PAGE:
Our current study establishes the anti-cancer oncolytic activity of RSV. In an in vitro prostate cancer cellular model and in an in vivo xenograft prostate tumor model, we show that the RSV infection rate is markedly enhanced in the cancer cells, but not in the non-cancerous cells. The selective increase of viral burden in the infected cancer cells led to the loss of cell viability, whereas the non-cancerous cells were protected from the virus-induced apoptosis. The in vitro results were validated in a human prostate cancer xenograft model in nude mice, which showed significant tumor regression in response to I.T or I.P administration of RSV. We further demonstrated that RSV-mediated oncolysis is due to apoptosis, induced primarily by the mitochondria-mediated activation of the intrinsic pathway involving caspase-3 activation, in association with impaired NF-κB activity.
Clinical trials show promising results with several oncolytic viruses. Oncolytic paramyxoviruses (RSV is a paramyxovirus) such as NDV and measles are currently undergoing successful clinical trials (7
). Ability of RSV to replicate slowly in normal (non-transformed cells) cells, without causing cell death has been reported (41
). Nevertheless, our study is the first demonstration that RSV possesses oncolytic activity. RSV is especially advantageous as an oncolytic virus based on the following rationale: 1)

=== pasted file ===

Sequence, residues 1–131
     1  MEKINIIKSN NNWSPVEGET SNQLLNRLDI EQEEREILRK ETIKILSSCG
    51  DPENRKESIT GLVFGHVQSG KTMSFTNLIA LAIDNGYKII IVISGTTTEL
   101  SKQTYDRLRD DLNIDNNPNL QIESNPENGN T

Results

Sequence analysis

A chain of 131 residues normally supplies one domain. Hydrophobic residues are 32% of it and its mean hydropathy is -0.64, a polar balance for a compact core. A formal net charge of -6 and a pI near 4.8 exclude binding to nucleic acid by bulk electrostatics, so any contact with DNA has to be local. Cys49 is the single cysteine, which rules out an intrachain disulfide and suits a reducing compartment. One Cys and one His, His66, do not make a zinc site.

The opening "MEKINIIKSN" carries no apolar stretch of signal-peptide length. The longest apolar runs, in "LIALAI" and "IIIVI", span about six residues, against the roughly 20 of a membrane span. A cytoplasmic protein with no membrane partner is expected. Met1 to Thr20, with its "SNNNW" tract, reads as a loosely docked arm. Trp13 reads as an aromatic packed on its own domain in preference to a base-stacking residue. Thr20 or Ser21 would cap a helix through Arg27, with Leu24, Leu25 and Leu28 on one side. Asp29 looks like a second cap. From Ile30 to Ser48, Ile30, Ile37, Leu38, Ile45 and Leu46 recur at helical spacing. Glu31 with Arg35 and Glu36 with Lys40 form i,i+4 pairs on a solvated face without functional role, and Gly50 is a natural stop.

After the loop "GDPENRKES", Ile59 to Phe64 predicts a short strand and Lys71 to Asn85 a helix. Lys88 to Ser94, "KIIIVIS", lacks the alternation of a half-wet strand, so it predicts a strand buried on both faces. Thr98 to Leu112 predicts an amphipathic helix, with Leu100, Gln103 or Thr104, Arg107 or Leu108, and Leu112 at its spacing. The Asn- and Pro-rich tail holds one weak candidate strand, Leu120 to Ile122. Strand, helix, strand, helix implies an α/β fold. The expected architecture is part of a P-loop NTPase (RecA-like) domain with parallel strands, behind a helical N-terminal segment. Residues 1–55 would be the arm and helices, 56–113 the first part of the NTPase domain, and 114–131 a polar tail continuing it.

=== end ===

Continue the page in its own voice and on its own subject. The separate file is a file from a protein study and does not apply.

RSV confers mild respiratory illness in infants and children, while infection is asymptomatic in adults (5
). The asymptomatic nature of RSV is borne out by routine intra-nasal infection of live (wild-type) RSV to human subjects enrolled in clinical studies. 2)
RSV does not cause systemic infection due to its respiratory tract-specific entrance into lung epithelial cells via the apical domain of the airway lumen (5
) and to date; RSV has not been detected in the serum samples from infected individuals. This is a desirable property for cancer treatment, because systemic delivery of RSV is expected to destroy only tumor cells while keeping the normal cells intact, hence causing limited toxicity to normal tissues. 3)
Since RSV replication occurs in the cytoplasm of the infected cells (5
), its transforming potential due to genetic recombination is avoided. 4)
Immune response against RSV is not robust accounting for non-symptomatic re-infection throughout the viral life cycle (5
The RSV genetic makeup of only ten genes facilitates its manipulation by reverse genetics (43
), which would allow us to engineer attenuated RSV-based efficient and safe